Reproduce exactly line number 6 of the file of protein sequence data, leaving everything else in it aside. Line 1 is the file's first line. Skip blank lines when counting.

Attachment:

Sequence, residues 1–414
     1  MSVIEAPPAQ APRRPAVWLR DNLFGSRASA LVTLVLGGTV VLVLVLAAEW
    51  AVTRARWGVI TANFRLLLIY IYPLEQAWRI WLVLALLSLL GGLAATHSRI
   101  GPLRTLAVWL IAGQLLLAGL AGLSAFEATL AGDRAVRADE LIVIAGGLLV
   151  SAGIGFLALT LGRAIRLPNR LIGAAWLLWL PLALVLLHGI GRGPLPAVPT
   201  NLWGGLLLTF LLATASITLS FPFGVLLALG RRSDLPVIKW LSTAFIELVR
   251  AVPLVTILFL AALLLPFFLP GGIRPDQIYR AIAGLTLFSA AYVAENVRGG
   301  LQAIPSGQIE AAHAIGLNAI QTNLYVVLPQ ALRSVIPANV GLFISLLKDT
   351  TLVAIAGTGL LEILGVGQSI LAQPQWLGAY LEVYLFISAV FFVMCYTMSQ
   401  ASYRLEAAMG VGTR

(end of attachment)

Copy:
   201  NLWGGLLLTF LLATASITLS FPFGVLLALG RRSDLPVIKW LSTAFIELVR